Parties of a lawsuit can, and frequently do, attempt to settle a claim before having to go to a trial. In fact, the DIFC courts encourage parties to settle their disputes, for example through mediation and conciliation. A party may try to settle in any form or way, within the framework of the law, but Part 32 of the Rules of the DIFC Courts (RDC) sets out a formal mechanism for the parties to settle their claims, with possible cost consequences.
It can be substantially expensive and time consuming to litigate a case before DIFC courts. A “Part 32 Offer” (equivalent to Part 36 offers in the English Courts) permits parties to attempt to settle a claim during a lawsuit.
Either party can make a Part 32 Offer to save costs and time in avoiding full trial. In the event, the offeror (the party making the offer) makes a Part 32 Offer which, for whatever reason, is not accepted, and the offeror is granted a ‘judgment more advantageous’ than the offer, the offeree (the party receiving the offer) may be liable for the legal costs of the lawsuit starting from the date on which the offer was rejected, plus interest.
A Part 32 Offer is a formal offer, and it is treated as “without prejudice except as to costs.” This means that, if the offer is not accepted, it cannot be used or referred to during legal proceedings in relation to the claim, save as to the issue of costs. It is important to note that, there is no limit to the number of part 32 offers.
Nothing in Part 32 of the RDC prevents a party making an offer to settle in whatever way it chooses, but a Part 32 Offer must be in accordance with Rule 32 of the RDC, to have the consequences specified in the law. To that effect, it is highly advised to consult with a competent lawyer to ensure the form and content of the offer are in compliance with the RDC.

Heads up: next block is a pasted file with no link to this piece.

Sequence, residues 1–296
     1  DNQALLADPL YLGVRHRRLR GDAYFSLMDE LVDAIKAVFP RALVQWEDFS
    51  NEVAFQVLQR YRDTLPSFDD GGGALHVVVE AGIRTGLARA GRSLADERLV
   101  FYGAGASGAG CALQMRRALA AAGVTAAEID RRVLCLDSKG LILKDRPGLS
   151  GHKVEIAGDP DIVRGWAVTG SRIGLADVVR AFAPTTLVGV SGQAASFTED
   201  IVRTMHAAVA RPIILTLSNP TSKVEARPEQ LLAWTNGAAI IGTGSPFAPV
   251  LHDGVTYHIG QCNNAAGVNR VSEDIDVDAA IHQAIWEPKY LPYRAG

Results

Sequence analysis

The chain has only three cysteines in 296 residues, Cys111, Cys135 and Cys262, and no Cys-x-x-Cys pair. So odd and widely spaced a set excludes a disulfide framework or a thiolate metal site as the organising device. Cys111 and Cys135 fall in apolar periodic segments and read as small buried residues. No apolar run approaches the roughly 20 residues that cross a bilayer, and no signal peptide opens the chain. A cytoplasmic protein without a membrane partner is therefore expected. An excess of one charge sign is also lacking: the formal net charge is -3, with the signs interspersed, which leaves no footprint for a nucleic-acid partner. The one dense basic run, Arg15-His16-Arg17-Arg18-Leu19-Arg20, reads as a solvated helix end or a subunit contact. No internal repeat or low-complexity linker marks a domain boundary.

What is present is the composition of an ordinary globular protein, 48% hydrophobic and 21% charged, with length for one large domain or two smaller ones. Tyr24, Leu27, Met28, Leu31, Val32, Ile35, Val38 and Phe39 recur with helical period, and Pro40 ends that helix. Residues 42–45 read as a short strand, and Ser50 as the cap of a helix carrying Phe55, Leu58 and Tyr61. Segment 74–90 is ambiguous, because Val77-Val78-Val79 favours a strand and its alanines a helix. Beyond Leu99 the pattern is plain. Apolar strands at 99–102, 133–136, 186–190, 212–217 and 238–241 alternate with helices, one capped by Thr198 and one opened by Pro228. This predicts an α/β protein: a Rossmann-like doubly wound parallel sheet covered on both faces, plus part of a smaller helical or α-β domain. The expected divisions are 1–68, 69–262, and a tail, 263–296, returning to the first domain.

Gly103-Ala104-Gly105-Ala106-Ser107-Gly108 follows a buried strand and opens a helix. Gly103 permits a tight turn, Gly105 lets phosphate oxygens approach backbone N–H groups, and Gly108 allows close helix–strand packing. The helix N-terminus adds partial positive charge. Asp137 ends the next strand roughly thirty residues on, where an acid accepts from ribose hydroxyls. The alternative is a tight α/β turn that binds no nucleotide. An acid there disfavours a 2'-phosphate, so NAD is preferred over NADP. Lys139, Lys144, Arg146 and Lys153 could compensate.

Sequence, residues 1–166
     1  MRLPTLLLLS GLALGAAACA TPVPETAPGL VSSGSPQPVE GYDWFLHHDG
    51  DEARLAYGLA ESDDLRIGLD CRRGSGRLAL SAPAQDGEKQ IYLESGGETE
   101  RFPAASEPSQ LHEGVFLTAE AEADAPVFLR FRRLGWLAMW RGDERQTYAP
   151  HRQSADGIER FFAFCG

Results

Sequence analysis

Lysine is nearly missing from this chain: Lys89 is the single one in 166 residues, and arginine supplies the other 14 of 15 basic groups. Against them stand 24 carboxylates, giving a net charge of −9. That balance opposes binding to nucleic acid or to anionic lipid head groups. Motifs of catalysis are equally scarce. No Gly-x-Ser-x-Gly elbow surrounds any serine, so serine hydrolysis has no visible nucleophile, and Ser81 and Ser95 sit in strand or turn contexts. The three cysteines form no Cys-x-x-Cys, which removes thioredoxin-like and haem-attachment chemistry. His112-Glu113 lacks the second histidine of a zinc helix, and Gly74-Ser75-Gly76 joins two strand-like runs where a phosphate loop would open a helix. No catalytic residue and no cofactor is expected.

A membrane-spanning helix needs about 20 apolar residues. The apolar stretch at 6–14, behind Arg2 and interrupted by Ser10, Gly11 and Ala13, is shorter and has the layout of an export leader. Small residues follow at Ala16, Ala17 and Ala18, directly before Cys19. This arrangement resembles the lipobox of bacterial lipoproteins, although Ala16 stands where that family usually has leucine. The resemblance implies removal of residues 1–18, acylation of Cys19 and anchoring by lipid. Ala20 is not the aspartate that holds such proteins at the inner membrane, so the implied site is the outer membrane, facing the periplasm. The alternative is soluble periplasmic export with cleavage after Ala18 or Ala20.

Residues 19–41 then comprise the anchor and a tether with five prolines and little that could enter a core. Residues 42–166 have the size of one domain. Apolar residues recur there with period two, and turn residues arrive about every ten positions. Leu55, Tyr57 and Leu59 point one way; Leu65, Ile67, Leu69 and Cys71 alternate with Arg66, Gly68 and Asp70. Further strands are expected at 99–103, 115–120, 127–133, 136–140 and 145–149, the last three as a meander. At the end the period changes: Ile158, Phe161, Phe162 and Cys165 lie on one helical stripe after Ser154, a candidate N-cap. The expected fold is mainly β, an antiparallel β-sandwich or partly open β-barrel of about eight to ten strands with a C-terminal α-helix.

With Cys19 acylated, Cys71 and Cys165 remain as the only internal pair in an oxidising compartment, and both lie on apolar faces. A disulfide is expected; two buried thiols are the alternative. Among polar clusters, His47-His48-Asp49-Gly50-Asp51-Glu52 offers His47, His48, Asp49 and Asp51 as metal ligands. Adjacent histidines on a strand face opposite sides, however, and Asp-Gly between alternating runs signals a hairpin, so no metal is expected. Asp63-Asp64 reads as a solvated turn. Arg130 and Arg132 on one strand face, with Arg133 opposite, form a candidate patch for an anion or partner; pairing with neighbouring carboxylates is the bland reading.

To put things in a practical perspective, consider the following hypothetical:
A ‘service provider’ (Party A) receives a termination letter from its client (Party B) and Party A chooses to file a claim against Party B at DIFC court. The claim of Party A includes its services provided till termination (let’s assume USD 1 Million) and a compensation for the untimely and unjustified termination (let’s assume another USD 1 Million). It is arguably clear in most cases that Party B will have to pay the claim for the services provided by Party A till the termination. The compensation amount for an asserted untimely or unjustified compensation is by far not that clear and it will remain to be seen by the court to determine the amount of compensation the court will grant.
In the middle of this litigation, Party A may, as encouraged by the DIFC courts, try to settle its claim with Party B and to that effect it files a Part 32 Offer to settle its claim for USD 1.5 Million.
In this hypo, if Party B accepts the offer, Party A would get the settlement amount of USD 1.5 million in a timely manner. But if Party B, for whatever reason, chooses to not accept the offer, and if upon trial the court awards Party A a judgement that is ‘more advantageous’ to what Party A had offered in its Part 32 Offer (USD 1.5 Million), then Party B is liable for the legal costs of the lawsuit starting from the date on which the offer was rejected, plus interest.
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